Graduate Alumni

Our graduate students have had tremendous success as multimedia performers, software developers, media consultants, applied ethnomuscologists, composers, media consultants, authors, and college and university professors.  

Music & Multimedia Composition Alumni

(Program was formerly known as Computer Music & Multimedia)

Akiko Hatakeyama (Ph.D. '19) Akiko Hatakeyama is a composer/performer of electroacoustic music and intermedia. She explores the boundaries between written music, improvisation, electronics, real-time computer-based interactivity, and visual media. Storytelling, memories, and nature play an important role in Akiko's work, and she most often finds beauty in simplicity. She joined the Music Technology program at the University of Oregon as an assistant professor in 2016.

Jinku Kim (Ph.D. '19) is a composer, performer, and multimedia artist currently residing in New England Area. His work focuses on pushing the boundaries of interaction through sound installation and audio visual performances. His works have been performed and installed at various places including REDCAT of Walt Disney Concert Hall, Whitney Museum of American Art, STEIM in Amsterdam, The New children’s Museum in San Diego, Machine project in Los Angeles.

Luke Moldof (Ph.D. '19) is a Providence and New York based artist, currently focused on sound and photography. For the past few years his work has been largely made up of unedited and unprocessed location recordings, acknowledging the tropes of “field recording” as a genre, seeking to operate outside them or to address them in uncommon ways. He uses similar methods of exploration and critique to produce photographic works, in an attempt to highlight the consonance and dissonance between these two practices. Luke studied jazz guitar at the New England Conservatory and was active for a time in the American noise scene. Past areas of interest included: improvisation, tape / concrete music, and synthesis, though they’re largely on the back burner. He discovered a love for animals, which manifested itself in his parrot recording, “Kiki&Kiki” featured on his split LP with Peter Ablinger on Banh Mi Verlag. He is passionate about the Nashville and Bakersfield sounds and practices pedal steel, lap steel, and chicken pickin’ guitar as much as he can.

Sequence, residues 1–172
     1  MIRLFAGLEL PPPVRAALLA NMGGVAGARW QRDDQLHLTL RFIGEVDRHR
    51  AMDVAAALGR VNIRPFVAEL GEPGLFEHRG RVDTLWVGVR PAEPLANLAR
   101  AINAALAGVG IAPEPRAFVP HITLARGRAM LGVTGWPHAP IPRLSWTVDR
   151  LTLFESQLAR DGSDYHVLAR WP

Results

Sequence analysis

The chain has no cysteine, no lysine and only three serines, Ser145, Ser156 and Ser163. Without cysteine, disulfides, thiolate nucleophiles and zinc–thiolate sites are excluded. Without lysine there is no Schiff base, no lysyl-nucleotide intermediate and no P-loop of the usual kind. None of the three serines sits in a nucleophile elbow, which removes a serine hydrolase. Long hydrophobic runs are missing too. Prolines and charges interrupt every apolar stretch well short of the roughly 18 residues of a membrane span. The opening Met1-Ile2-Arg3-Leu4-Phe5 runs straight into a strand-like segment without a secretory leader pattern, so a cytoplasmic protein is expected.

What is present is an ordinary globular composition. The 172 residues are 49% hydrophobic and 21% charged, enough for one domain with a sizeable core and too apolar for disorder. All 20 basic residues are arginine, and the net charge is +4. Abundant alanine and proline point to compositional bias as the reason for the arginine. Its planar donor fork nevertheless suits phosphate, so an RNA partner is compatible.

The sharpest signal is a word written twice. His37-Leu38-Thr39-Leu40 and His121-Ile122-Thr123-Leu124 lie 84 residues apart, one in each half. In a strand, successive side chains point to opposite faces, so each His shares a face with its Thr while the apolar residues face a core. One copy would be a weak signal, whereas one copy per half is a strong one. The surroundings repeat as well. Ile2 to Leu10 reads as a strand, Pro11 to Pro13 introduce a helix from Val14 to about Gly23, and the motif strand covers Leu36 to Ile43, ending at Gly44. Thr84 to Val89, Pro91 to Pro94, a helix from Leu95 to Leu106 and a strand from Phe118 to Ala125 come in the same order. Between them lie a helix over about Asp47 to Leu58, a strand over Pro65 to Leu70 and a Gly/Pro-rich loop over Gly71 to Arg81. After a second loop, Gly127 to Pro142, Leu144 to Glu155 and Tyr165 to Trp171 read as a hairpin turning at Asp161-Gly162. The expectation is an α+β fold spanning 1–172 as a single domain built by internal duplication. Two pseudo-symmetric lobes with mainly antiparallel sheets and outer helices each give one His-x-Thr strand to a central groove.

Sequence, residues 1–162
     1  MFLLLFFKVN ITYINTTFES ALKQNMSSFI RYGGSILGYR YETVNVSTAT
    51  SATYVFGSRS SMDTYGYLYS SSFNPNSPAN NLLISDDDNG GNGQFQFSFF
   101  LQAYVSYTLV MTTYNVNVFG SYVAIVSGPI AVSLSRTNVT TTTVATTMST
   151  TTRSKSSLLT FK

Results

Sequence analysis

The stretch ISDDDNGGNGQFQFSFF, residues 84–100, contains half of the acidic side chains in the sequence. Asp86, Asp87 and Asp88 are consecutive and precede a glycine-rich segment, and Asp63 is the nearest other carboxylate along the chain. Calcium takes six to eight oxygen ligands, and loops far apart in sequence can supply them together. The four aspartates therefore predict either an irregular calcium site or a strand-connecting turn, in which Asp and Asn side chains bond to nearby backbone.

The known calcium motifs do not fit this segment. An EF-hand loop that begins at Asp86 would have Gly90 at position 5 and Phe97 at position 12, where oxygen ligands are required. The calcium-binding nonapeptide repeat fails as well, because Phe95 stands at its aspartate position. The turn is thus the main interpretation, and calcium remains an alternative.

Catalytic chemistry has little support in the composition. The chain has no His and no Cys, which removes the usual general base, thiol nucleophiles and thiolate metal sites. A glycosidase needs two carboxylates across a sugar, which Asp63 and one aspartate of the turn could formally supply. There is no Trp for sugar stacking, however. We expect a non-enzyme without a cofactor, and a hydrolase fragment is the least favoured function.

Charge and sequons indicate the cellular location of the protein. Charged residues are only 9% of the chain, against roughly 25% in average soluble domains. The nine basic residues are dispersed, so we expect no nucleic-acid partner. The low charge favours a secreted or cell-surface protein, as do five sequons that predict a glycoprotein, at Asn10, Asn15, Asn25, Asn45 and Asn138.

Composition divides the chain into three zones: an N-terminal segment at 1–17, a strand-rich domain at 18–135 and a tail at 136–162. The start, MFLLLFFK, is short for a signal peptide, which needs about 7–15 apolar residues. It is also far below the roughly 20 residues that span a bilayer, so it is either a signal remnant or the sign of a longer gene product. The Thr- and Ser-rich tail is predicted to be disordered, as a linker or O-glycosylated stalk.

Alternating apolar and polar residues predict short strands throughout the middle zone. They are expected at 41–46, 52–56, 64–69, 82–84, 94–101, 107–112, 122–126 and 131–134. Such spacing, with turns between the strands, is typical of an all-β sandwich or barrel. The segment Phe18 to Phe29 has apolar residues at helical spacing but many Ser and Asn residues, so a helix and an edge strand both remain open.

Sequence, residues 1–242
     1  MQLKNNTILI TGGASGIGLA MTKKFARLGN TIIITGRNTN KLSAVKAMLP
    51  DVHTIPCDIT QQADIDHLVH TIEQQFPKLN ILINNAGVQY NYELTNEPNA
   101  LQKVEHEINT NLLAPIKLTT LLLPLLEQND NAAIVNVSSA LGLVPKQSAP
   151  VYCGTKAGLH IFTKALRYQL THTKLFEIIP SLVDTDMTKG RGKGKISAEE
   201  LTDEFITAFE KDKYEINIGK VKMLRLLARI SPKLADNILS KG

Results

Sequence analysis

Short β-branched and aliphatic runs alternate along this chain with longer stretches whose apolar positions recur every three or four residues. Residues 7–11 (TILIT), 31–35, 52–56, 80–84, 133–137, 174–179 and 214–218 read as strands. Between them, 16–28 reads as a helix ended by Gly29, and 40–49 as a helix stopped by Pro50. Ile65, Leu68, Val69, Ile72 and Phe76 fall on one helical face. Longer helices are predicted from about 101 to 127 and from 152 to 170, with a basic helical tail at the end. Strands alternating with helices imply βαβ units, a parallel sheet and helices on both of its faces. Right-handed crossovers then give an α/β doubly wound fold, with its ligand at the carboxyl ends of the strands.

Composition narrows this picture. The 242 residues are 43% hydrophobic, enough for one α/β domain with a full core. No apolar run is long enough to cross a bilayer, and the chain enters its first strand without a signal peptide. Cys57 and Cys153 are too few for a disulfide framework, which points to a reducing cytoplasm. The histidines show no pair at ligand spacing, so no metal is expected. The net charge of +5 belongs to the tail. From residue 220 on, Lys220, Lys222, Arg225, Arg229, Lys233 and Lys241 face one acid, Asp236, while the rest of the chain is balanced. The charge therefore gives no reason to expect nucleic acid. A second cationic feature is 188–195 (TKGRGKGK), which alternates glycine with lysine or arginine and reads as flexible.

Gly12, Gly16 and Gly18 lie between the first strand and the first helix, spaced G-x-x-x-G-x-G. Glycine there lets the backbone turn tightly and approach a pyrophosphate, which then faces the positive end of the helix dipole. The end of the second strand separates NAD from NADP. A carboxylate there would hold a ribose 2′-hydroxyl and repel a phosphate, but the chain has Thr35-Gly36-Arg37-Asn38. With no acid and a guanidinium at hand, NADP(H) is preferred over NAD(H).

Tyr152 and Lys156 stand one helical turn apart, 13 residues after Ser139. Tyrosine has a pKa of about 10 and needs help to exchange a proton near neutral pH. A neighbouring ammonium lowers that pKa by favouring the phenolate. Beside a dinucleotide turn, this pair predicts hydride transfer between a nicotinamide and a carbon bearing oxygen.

Asha Tamirisa (Ph.D. '19) works with sound and image and researches media histories. Particular interests include tool-building with both software and hardware, experimental music and film, and intermedia composition/installation. Asha's research integrates media archeological methods with feminist science and technology studies perspectives, looking closely and critically at often forgotten elements and conditions of media. Asha is a founding member of OPENSIGNAL, a group of artists concerned with the state of gender and race in electronic music/art practices. Asha is Assistant Professor of Music at Bates College.

Brian House (Ph.D. '18) is an artist who works with the material ecologies of sound and data. By constructing embodied, participatory systems, he explores how computational temporalities negotiate with the rhythms of everyday life. His work has been shown by MoMA in New York, MOCA in Los Angeles, Ars Electronica, Cincinnati Contemporary Arts Center, Eyebeam, Rhizome, Los Angeles Contemporary Exhibitions, Conflux Festival, ISEA, NIME, and Issue Project Room, among others, and has been featured in publications including WIRED, TIME, The New York Times, SPIN, Metropolis, and on Univision Sports. He holds a degree in computer science from Columbia University and one in art from Chalmers University (Sweden). In addition to his doctoral work at MEME, Brian completed a masters in Modern Culture and Media at Brown.